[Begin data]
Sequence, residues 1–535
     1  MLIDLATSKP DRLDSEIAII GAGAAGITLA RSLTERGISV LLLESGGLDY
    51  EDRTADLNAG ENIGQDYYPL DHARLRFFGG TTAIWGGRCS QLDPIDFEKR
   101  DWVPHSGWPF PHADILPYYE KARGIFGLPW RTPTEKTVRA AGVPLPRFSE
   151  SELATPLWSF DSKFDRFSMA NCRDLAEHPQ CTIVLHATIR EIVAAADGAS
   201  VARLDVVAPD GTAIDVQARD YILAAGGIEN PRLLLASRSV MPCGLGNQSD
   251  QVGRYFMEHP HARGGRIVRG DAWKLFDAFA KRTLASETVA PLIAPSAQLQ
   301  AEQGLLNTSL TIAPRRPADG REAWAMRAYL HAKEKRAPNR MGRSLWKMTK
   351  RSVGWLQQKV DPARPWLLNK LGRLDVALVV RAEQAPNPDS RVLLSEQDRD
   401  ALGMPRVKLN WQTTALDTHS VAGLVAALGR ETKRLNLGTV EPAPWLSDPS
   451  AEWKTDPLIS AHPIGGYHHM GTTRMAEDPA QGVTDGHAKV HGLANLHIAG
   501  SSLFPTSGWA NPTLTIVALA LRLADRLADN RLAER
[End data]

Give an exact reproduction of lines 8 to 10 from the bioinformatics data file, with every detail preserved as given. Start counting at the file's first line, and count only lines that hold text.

   301  AEQGLLNTSL TIAPRRPADG REAWAMRAYL HAKEKRAPNR MGRSLWKMTK
   351  RSVGWLQQKV DPARPWLLNK LGRLDVALVV RAEQAPNPDS RVLLSEQDRD
   401  ALGMPRVKLN WQTTALDTHS VAGLVAALGR ETKRLNLGTV EPAPWLSDPS